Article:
Cabot has been one of the more consistent performers as they are a consumable supplier rather than a capital equipment supplier and as such are based on wafer starts and layer count and not capital spend. However, wafer starts are not super strong …but its still better than being an equipment company
Formfactor- Memory still weak and Intel is still a bit slow to ramp…
Also in the consumable business is FORM. However form is more new design driven or different design driven. They have a better balance between memory and logic than previously. Everything else is OK, we just need a demand recovery.
MKSI- Most experienced management-Upcoming ESI close
MKSI’s CEO, Jerry, has been with the company for 35 years and has seen it all before and knows how to deal with it and make it right. The team at MKS did a great job with Newport and we are sure they will do the same great job with ESI. Management is not running in fear of the cycle but dealing with it head on. He contemplated the length of the downturn through his “canoe” analogy of varying shapes.
UCTT – As an AMAT and Lam supplier its hard to outperform
Its harder to escape the pull of gravity when the customers are weak as is the case here. Acquisitions have helped in the past but nothing that was exciting or at a great valuation. we are just waiting for a recovery here to get things moving again.
Ichor- Great, realistic, experienced management -weak customers
Much as with Ultraclean its hard to escape the customers weakness. Acquisitions have been very good and jump started ICHR since its IPO. Management is making the best of the situation and buying back its very cheap stock.
COHU- In early innings of integration not helped by weakness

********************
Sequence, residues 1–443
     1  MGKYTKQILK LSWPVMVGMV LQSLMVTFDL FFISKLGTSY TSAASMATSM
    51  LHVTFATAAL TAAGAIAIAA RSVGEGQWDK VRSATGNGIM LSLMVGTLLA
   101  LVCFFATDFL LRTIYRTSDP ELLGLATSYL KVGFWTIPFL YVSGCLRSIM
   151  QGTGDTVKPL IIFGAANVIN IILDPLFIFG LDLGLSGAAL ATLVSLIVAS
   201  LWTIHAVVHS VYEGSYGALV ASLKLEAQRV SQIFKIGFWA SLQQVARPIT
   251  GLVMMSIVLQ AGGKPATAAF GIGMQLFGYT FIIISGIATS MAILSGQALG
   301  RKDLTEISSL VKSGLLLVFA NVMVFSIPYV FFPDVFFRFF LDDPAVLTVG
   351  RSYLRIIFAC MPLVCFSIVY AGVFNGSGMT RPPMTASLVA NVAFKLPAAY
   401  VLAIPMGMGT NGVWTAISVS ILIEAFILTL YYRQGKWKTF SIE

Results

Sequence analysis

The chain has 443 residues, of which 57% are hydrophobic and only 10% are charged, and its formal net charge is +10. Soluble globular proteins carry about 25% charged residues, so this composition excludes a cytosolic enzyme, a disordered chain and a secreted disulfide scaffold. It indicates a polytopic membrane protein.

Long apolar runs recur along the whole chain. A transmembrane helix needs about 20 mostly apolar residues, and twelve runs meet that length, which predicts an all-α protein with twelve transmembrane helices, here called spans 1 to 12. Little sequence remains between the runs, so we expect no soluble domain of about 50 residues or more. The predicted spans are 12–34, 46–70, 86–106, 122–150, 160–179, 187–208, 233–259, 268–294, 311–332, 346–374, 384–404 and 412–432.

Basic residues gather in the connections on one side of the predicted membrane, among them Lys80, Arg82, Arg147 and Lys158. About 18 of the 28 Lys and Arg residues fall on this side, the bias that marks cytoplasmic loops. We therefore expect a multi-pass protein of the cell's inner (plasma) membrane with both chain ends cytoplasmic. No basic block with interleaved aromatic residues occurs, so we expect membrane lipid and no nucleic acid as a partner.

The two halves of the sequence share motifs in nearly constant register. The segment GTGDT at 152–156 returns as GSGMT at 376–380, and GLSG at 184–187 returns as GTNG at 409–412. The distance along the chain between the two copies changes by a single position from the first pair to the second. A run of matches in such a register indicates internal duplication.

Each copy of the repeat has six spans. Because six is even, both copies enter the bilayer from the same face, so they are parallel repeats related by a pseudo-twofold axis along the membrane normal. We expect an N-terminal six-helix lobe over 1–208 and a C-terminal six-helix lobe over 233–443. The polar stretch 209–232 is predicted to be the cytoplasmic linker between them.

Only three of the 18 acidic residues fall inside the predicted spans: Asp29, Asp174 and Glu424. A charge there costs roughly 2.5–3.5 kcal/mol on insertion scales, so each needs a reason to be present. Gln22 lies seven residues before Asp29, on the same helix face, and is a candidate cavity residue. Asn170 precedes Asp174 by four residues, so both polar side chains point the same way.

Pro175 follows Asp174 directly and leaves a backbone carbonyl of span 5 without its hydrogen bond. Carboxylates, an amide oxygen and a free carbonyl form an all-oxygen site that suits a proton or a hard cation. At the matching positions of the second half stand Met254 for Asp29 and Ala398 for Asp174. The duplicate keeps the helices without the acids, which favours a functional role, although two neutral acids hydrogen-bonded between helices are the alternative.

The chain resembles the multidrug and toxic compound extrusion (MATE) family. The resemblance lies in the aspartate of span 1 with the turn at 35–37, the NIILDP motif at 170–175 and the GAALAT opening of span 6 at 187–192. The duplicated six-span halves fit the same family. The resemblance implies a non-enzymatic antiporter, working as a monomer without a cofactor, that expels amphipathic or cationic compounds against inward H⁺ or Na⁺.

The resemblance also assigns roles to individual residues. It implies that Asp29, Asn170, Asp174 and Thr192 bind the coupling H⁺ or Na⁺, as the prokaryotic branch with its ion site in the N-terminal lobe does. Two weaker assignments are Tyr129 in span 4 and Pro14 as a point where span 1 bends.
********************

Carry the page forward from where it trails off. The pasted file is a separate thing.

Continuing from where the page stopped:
So far, so good but the jury is still out on the combination of the two companies. Obviously its that much harder to do an integration during tougher times but hopefully the results will be worth it
Tower Jazz- Towers above the other players
Russell Ellwanger has taken what was a uncertain company and turned it into a great business model. He has done a great job of not only doing great “roll up” acquisition deals, but more importantly, managing them to perfection after rolling them up. Not “integrating ” them into the “borg ” of a large company but optimizing the different models and expertise of each individual. Business may be soft but the model works well with strong process capability & technology on top of sound business practices. They will outperform in the recovery.
Summary: Good companies, Ugly neighborhood
waiting at the station.
It feels like everyone is waiting at the station for the recovery train to come along and whisk them off to good times again. The problem is we are just waiting and not much within our control to hurry it along. On top of that the train timing is unclear at best and in fact could be longer than hoped for. There is a bit of helpless resignation.
The semi equipment industry is at the bottom of a very long trickle down that starts with Apple and China, through TSMC, Samsung & Micron etc . We need to see signs of a recovery coming from top down as any recovery won’t start from the bottom up… that we are still waiting on.